I was not suicidal but I have been in the past. I did not intent to harm myself, but I had in the past. Intentional this time or not, I found myself in the same place and, like my previous attempts in the past, it had not solved anything. On the contrary, it made everything much worse. It hurt the people I love, scared my fiance and my children to death.
I didn’t get any time to calm down, didn’t get that moment of peace I had desired so badly. The majority of the problems had not gone anywhere. I lost a day and a half, woke up in pain and discomfort only to face new problems created by my own actions.
I was extremely lucky just for the fact that I am still here to tell my story. I could have just as easily become a statistic that day. My story could have just as easily ended with my obituary, the words and questions of others left unanswered, adrift in the wind.
I cannot apologize enough for what I put everyone through. I feel stupid, ashamed, that I should have known better. There are no words that could adequately express my remorse. I would do anything to take back that night but there is nothing I could ever say or do that would erase the past.
I would love to say there is no excuse for my actions but when my depression and anxiety reach certain levels, I no longer always think clearly. I become increasingly overwhelmed, the world feels largely hopeless and I am no longer able to cope. Even when I am not actively suicidal, which I have not been for years now, I struggle regularly with suicidal ideation, not exactly wanting to die but no longer wanting to continue living my life the way it is, either. Though I never meant to fall apart like I had that day, unfortunately once I reach a certain point, I react before rationalizing the repercussions of my actions.
I would love to say there is an easy solution to this, that I could take a magic pill or think some happy thoughts and my mental illness would just fade away and disappear. I wish I could say it was a temporary phase even that I would eventually get over. My mental illness is caused in part by a genetic mutation. I was born with it and I will have it until the day I die. There is no cure for me. It is permanently hardwired into my genetics. I can receive therapy for past traumas and current issues, I can take medication to provide my brain with the chemicals my body cannot make itself, I can fill my coping toolbox with techniques and strategies for dealing with harder days and attend things like tai chi and yoga classes until the day I die. Yet I will always have a mental illness. It is a lifelong, permanent diagnosis for me.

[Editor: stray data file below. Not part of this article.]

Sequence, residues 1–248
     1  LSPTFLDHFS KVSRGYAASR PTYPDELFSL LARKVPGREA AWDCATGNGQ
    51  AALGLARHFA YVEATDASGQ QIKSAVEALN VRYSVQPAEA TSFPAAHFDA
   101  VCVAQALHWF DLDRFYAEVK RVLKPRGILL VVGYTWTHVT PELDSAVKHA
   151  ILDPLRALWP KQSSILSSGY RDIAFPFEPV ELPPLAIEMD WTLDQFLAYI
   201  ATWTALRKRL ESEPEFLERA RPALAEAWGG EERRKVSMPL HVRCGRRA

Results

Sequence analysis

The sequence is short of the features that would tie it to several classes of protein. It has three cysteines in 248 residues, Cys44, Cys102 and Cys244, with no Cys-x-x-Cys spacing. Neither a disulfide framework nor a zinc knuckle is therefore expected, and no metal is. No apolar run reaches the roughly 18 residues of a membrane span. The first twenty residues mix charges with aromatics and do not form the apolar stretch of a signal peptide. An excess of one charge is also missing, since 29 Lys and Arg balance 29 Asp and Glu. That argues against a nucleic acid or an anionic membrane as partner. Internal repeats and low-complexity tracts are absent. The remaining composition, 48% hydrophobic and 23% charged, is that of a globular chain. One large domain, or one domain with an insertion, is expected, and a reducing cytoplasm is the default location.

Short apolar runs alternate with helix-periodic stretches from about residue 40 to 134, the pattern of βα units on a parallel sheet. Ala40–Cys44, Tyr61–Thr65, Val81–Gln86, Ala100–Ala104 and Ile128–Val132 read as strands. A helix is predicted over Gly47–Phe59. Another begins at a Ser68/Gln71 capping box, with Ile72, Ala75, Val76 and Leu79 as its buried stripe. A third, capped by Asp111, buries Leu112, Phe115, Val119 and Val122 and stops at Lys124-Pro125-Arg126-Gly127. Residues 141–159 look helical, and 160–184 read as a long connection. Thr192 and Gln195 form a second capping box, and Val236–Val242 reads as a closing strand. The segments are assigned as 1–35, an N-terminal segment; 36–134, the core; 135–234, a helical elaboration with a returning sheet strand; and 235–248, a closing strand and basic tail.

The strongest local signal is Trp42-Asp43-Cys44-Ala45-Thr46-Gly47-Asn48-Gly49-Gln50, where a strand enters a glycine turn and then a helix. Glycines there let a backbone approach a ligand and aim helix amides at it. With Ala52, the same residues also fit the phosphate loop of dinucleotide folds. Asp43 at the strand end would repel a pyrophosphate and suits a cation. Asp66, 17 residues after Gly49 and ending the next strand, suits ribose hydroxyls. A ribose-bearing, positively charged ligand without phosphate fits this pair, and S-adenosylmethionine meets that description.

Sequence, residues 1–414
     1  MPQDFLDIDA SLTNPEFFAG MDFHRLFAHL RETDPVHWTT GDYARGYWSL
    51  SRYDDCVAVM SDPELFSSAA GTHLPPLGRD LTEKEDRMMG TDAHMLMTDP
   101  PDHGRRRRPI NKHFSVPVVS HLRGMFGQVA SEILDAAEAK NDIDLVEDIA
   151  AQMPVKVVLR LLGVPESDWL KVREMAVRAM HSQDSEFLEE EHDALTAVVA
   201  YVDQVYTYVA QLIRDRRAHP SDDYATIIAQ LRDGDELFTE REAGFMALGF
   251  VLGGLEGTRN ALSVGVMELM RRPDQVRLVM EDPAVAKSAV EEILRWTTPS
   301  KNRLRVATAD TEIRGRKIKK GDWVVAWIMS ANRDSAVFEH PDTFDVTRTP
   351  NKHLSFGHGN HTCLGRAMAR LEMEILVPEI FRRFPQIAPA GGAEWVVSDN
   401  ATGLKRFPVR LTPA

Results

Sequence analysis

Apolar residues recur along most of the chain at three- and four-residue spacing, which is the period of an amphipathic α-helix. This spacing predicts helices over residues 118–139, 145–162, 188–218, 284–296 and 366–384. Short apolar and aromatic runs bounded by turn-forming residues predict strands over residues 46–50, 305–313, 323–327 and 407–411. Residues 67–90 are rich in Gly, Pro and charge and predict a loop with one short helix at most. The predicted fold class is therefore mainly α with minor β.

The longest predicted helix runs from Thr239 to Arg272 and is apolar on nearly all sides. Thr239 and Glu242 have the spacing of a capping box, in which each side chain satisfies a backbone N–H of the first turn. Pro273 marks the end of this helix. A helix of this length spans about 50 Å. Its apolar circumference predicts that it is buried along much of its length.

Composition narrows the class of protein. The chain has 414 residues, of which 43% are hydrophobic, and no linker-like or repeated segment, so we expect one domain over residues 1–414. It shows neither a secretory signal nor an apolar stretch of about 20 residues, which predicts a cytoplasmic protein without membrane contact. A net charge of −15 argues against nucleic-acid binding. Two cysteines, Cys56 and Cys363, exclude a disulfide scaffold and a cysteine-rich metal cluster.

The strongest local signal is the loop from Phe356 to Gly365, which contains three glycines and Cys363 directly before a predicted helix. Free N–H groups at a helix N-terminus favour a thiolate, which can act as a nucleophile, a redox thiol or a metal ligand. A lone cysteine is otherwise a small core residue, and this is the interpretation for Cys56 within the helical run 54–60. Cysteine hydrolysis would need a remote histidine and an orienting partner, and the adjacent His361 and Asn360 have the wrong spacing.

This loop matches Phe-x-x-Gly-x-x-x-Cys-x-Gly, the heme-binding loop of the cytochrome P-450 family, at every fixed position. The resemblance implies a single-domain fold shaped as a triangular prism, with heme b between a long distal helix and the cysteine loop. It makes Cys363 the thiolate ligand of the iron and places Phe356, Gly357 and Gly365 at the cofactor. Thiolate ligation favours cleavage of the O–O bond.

Mental illness is my cross to bear. Though I truly appreciate that my loved ones are willing to stand by me and support me through my struggles with my mental health, it is not fair or right for them to suffer like they have for my diagnosis. Although I never intended to do so, I severely hurt everyone that matters to me. They all have tried to be compassionate and understanding, to forgive me for an illness that often wreaks havoc in my life, for a condition frequently beyond my control.
However, I am not sure I will ever be able to forgive myself.
Since getting out of the hospital, my fiance and I have not talked much about the incident beyond him being thankful that I am okay and asking me to please never scare him like that again. I have reassured my children that I am okay, as well, trying to minimalize the severity of it all to lessen their fears. Again, I wish there were some magic words I could say to take away the pain and panic in their eyes. I fear no apology will ever be enough.
It took almost a week before we could even sleep in our bedroom again. While I was in the hospital, he slept on the couch when he could sleep at all, the spilled pill bottles, vomit and towels still sitting where they were when the ambulance carted me away. I insisted on cleaning it up myself when I came home, my mess, my problem, but going into that room felt like crossing into an alternate nightmare dimension. Nevertheless, I fought my way through a bevy of anxiety attacks and breakdowns to clean it all up. Even after everything was cleared away, no trace remaining, we opted to sleep in the living room for the next week on our air mattress. We knew what had happened in there, we had lived through it, yet we were still not quite ready to fully face it.
The first couple nights that we returned to the bedroom, I couldn’t sleep at all. He continued to cling tightly to me all night while he slept, as he had done every single night since we returned home from the hospital, as if he was terrified that I would disappear forever if he let go for even a moment. I laid awake both nights, silently crying for the pain and fear I had placed in his heart. A month later, my anxiety still rises whenever I enter that room, my sleep restless and plagued by nightmares old and new.
I know I need to change many things, to put safeguards in place to prevent something like this from ever happening again. I cannot change the fact that I have a mental illness, but there are other things I can address, precautions I can take. I never want to hurt my loved ones like that ever again. For instance, no more locking myself away when I am upset. No more taking extra dosages of medication early, even if I have thrown up the dose I just took. No more tempting fate when I might be too emotionally irrational to think clearly.